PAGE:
Saturday, June 27, 2009

Fighting hunger, beefing up unions part of pope’s new social encyclical

National Catholic Reporter
by John L Allen Jr on Jun. 27, 2009

In his long-awaited new encyclical on the economy, Pope Benedict XVI appears set to call for new global “synergies” among labor unions in order to resist cuts in social safety nets, stronger efforts to combat world hunger, and greater protections for the “ecological health of the planet.”

Beyond those policy matters, the pontiff also will apparently strike three vintage personal themes:

• Social justice depends upon individual conversion, and the roots of the present crisis are in an “ethical deficit” within economic structures, especially greed;
• The defense of the poor and the defense of unborn life, implying opposition to abortion and artificial birth control, are necessarily linked.
• Preaching Christ is not a distraction from building a better world, but “the principal resource at the service of the true development of every single person and of all humanity.”

Benedict’s new social encyclical, titled Veritas in Caritate (“Truth in Charity”), will likely not be released until early July, but this morning’s Corriere della Sera, Italy’s leading daily newspaper, carried lengthy extracts.

While the pope has consulted a number of experts, both economists and theologians, the final text of the encyclical appears to be very much his own work. According to the Corriere report, Benedict XVI has been working on the text for months, even correcting a draft during his mid-May trip to the Middle East.

As the title suggests, the idea of “truth” runs through the encyclical like a leitmotif.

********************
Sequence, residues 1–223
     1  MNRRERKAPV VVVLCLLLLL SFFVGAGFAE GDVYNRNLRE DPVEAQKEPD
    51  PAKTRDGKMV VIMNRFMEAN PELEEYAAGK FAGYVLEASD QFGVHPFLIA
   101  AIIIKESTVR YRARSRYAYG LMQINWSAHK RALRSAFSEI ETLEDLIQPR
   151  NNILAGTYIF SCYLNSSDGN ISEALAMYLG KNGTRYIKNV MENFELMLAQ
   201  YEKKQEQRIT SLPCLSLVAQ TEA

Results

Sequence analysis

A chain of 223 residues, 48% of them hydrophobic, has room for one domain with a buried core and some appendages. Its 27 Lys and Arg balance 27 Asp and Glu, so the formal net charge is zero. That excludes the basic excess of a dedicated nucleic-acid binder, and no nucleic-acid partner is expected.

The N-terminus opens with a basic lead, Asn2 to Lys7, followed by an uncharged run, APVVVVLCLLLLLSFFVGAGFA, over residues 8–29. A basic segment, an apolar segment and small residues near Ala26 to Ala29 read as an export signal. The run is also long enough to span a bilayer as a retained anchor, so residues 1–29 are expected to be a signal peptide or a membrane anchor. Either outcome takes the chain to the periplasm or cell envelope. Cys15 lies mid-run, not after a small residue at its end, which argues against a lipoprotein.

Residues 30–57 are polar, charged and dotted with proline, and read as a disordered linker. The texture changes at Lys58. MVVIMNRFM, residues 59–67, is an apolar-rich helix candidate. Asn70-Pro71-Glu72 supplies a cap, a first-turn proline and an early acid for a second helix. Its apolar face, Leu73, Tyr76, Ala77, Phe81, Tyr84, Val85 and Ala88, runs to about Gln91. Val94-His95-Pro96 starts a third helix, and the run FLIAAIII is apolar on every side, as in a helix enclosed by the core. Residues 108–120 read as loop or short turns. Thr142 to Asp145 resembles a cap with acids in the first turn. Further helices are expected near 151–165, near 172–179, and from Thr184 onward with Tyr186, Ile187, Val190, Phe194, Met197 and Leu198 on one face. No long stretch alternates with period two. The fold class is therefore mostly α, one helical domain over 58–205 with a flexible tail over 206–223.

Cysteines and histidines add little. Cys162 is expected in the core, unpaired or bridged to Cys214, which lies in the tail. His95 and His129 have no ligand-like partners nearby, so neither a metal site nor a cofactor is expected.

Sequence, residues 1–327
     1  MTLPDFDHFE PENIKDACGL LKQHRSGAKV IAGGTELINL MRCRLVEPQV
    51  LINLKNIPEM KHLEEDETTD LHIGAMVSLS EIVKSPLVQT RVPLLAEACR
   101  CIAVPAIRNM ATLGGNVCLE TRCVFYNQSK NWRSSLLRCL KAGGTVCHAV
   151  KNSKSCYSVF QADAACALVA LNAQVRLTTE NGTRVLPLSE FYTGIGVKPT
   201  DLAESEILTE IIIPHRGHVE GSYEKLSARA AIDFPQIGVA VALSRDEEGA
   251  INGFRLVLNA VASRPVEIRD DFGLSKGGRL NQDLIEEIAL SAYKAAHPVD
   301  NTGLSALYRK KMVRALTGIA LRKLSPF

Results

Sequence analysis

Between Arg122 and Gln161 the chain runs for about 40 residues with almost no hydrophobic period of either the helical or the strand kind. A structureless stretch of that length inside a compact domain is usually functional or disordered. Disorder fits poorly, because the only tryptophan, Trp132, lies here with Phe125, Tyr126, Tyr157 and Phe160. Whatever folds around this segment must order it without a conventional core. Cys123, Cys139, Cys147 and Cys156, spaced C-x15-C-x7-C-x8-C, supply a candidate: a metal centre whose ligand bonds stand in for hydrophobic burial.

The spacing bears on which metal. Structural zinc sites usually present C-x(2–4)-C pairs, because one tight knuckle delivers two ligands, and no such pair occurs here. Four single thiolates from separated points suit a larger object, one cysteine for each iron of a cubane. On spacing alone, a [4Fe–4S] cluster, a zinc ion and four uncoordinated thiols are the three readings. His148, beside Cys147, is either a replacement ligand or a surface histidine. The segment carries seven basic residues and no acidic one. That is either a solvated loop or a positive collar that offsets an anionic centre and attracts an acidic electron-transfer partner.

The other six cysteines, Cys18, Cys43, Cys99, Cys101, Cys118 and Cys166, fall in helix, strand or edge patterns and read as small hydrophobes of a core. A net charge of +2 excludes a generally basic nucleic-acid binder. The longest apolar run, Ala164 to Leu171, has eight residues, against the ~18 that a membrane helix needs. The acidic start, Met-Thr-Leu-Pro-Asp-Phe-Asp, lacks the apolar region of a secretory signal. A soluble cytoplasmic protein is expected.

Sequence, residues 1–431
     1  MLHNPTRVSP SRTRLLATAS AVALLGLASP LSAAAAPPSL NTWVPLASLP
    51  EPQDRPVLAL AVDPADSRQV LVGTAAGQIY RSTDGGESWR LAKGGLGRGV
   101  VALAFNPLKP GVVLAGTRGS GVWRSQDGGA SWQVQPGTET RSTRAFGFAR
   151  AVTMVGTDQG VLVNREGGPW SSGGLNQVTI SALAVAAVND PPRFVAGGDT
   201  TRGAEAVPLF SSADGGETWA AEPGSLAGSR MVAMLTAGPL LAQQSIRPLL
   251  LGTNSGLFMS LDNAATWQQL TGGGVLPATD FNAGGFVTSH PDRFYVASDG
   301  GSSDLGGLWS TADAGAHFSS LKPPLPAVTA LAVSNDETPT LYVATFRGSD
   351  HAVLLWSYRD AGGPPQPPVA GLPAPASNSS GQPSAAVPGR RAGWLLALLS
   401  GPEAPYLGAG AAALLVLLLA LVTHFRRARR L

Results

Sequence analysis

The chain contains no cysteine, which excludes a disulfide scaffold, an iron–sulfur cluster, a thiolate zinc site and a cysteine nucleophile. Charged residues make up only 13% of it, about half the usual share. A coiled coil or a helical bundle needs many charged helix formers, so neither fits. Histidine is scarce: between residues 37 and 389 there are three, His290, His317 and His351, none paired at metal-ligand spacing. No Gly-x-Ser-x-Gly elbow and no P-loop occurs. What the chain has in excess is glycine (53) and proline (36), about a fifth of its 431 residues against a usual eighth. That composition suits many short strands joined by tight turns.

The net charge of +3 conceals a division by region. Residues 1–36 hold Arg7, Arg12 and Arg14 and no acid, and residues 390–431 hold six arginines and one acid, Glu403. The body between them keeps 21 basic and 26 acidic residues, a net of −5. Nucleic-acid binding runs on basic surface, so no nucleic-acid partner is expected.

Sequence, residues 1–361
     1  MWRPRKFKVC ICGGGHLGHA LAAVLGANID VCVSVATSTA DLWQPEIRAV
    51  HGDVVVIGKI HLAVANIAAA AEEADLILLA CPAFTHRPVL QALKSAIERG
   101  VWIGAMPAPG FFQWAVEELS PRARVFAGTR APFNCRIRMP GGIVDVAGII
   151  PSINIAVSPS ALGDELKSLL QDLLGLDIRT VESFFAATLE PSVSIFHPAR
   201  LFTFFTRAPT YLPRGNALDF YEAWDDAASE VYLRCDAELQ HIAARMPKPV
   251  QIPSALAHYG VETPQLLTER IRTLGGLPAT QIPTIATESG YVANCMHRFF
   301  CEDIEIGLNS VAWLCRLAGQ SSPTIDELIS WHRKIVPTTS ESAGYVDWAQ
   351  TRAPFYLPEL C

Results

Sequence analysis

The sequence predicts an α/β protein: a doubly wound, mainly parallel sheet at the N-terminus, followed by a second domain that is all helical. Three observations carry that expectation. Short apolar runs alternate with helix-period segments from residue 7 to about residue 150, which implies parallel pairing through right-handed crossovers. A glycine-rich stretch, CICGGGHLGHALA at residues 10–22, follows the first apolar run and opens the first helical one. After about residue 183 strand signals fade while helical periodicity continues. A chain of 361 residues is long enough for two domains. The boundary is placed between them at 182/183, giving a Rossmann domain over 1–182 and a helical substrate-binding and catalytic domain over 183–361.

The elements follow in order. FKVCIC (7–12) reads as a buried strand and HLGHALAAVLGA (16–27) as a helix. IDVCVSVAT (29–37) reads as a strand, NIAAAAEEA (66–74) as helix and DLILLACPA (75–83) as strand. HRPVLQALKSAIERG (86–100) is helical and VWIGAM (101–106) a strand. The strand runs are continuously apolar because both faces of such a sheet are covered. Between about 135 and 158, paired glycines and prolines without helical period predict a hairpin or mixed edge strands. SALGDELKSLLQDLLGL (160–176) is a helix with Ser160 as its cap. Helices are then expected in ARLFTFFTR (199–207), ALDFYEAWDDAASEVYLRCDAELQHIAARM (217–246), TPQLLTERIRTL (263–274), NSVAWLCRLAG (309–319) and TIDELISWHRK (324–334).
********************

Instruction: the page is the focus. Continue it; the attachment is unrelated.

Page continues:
“Without truth, without trust and love for the truth, there is no conscience and no sense of social responsibility,” the encyclical will assert, according to the extracts published this morning.

In the absence of respect for truth, Benedict writes, “Social action falls into the hands of private interests and the logic of power, with destabilizing effects on society, all the more so in a society undergoing globalization.”

The pope apparently will invite commercial and political leaders to cultivate a new awareness of “the social responsibility of a business firm in an ample sense, which takes account of all the social effects of its activity.” He will also call for “urgent reforms in order to respond, courageously and without delay, to the great problems of injustice in the development of peoples.”

“Development of peoples,” the pope writes, “depends above all upon the recognition that we’re all part of one family.”

Though the pope takes on complicated questions about international economic structures in Veritas in Caritate, he also writes that the present crisis was born of an “ethical deficit” among individual persons, and that recovery will require a common ethical code founded “at the same time upon faith and reason.”

“Development is impossible without just human beings, without economic and political leaders who live the appeal to the common good strongly in their own consciences,” the pope writes.


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